Boris Johnson in Israel: ‘Alternative to 2-state solution is apartheid’
“What we are saying is that you have to have a two-state solution or else you have a kind of apartheid system,” Johnson told the Jerusalem Post during his 24-hour visit to the region on Wednesday.
The two-state solution, in which a Palestinian state would exist in peace alongside Israel, is backed by the international community.
US President Donald Trump cast uncertainty over the idea, however, when he met with Israeli Prime Minister Benjamin Netanyahu in February and said he would be open to a single state if it led to peace.
Palestinians fear they would not be given the same rights as Jews a single state.
When visiting Ramallah in the West Bank, Johnson stressed the UK government’s policy is “absolutely unchanged” and it remains committed to two states. He also reiterated to Netanyahu Britain’s “rock-like” support for Israel, but touched on the topic of settlement building.
“Israel has first and foremost an absolute right to live in security, and the people of Israel deserve to be safe from terrorism,” he said.
“Of course we must also try to remove obstacles to peace and progress such as the settlements,” he later added.
The international community considers the continued building of illegal settlements in the West Bank to be a major obstacle to peace.
Royal visit for Balfour centenary
The first official visit of a British Royal to Israel looks set to go ahead this year to mark the centenary of the Balfour Declaration. Repeated invitations to visit the Jewish state have been rejected by the Royals for decades.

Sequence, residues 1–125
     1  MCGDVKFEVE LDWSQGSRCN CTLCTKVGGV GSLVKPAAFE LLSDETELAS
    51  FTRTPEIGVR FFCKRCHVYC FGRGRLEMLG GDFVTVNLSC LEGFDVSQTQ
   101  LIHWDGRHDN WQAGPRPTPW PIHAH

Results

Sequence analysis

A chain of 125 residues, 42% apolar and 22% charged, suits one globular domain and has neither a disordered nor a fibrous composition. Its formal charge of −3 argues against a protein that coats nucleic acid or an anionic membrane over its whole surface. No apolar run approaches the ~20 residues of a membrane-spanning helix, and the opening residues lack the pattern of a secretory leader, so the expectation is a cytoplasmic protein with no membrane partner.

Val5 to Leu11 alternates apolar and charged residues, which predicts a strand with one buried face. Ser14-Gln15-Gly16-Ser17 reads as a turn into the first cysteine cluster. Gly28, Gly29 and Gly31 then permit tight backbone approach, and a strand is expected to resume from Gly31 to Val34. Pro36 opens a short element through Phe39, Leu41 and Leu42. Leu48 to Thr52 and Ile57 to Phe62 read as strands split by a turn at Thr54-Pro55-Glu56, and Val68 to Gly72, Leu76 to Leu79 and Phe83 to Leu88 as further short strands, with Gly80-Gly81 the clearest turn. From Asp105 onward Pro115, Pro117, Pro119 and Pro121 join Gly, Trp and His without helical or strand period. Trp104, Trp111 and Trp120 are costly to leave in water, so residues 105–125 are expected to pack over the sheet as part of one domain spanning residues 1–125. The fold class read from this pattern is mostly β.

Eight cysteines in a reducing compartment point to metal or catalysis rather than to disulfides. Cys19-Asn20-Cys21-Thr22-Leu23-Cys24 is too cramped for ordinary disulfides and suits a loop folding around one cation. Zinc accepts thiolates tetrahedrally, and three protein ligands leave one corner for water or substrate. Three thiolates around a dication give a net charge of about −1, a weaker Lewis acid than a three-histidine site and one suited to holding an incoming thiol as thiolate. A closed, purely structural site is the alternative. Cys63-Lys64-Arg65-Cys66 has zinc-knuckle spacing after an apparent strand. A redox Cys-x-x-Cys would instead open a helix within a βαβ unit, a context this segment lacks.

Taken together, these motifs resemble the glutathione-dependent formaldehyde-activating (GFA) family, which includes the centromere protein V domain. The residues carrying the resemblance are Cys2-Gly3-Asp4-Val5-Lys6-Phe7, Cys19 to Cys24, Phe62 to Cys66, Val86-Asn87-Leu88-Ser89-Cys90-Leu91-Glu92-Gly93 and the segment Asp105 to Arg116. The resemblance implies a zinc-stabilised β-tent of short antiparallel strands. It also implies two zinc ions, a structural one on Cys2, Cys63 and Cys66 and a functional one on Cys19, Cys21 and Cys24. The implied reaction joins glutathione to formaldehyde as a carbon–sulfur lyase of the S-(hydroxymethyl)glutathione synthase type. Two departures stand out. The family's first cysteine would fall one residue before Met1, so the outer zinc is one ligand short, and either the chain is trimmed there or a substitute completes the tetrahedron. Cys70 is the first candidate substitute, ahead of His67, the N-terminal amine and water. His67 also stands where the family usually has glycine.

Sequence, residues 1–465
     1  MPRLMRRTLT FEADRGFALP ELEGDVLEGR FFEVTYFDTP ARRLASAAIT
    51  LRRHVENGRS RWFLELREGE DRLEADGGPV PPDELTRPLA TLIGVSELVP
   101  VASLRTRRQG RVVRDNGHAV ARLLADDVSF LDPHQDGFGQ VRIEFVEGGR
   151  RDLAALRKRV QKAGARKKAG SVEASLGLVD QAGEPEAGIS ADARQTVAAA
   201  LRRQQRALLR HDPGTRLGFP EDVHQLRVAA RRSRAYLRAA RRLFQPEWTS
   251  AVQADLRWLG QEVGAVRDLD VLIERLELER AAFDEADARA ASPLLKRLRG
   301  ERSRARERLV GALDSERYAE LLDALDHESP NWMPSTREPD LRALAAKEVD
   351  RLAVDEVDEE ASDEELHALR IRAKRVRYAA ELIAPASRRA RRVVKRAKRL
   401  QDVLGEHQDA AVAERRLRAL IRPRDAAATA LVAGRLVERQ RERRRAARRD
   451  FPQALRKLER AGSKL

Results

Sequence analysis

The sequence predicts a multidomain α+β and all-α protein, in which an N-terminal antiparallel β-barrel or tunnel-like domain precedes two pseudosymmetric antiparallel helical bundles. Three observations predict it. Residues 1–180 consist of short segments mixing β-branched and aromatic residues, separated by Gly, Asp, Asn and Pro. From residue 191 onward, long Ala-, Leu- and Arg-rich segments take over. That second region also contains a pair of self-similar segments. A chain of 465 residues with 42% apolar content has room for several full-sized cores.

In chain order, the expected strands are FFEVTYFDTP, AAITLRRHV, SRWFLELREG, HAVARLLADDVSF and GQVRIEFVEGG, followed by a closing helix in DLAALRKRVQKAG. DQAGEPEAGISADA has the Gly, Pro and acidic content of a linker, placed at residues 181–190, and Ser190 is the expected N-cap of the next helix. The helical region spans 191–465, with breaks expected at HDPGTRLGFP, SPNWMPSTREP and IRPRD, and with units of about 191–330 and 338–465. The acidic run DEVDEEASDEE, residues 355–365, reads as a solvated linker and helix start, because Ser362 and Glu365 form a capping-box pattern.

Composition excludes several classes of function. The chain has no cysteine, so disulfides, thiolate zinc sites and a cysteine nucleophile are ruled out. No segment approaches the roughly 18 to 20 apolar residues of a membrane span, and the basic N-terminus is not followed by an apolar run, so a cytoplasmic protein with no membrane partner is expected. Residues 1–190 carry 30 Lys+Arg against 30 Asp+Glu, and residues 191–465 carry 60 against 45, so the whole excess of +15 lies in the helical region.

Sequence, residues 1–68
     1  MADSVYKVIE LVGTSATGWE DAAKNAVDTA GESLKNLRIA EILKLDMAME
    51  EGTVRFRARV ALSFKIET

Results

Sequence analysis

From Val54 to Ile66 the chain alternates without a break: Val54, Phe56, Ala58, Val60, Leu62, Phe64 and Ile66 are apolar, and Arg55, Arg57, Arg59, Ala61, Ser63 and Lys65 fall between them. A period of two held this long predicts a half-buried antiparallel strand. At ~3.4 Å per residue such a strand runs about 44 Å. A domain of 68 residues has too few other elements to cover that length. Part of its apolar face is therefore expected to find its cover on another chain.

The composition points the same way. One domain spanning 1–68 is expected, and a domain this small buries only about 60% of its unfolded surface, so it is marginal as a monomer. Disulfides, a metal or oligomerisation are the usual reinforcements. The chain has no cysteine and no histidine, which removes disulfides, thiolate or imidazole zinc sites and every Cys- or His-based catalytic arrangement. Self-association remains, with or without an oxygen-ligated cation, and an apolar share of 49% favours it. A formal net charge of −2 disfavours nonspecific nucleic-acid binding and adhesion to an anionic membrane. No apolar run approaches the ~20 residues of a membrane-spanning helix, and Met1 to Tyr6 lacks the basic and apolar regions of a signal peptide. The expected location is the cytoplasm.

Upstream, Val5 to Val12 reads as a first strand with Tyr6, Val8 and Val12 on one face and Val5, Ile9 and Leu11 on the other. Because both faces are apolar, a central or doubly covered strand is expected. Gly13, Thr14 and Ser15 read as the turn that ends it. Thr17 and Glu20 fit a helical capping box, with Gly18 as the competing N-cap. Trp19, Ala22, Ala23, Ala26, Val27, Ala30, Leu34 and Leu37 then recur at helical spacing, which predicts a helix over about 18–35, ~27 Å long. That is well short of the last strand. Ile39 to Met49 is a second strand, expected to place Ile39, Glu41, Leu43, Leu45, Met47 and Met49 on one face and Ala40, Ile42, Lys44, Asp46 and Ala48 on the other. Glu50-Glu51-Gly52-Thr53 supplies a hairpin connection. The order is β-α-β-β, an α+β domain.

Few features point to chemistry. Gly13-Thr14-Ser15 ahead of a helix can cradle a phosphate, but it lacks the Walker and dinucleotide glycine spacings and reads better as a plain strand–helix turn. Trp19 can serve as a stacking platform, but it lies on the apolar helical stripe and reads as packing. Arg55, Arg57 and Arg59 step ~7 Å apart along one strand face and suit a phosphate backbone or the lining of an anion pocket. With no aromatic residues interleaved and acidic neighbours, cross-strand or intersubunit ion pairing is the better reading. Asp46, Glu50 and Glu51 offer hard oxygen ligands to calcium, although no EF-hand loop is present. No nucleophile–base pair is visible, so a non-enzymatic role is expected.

Israeli President Reuven Rivlin extended the invitation during a meeting with Johnson on Wednesday. Whitehall sources told the Times a Royal visit had been under discussion for some time and the invitation was likely to be accepted.
The 1917 Balfour Declaration pledged British support for a Jewish homeland in Palestine.
“This is a very important year in the history of the relations between Israel and the United Kingdom,” Rivlin said.
No member of the Royal family has made an official trip to Israel since it was established in 1948. The refusal to sanction a visit has long been seen as a rebuke of Israeli policy towards Palestinians, and a bow to important regional allies like Saudi Arabia.
Netanyahu was also invited to Britain in November to mark the centenary of the Balfour Declaration.
Last month, the Balfour Apology Campaign launched a petition calling on the British government to apologize for the declaration and lead peace efforts in Palestine.
The campaign, initiated by the Palestinian Return Centre and backed by Baroness Tong, a former Liberal Democrat MP who sits as an independent, urges the government to acknowledge its responsibility for colonial crimes in Palestine.
Earlier this year, Tong admitted she had gone “over-the-top” in a past comment about how pro-Israel groups had the West in their “financial grips,” and in 2012, was forced to resign the Lib Dem whip after claiming the State of Israel was “not going to be there forever.”
She finally quit the party last year.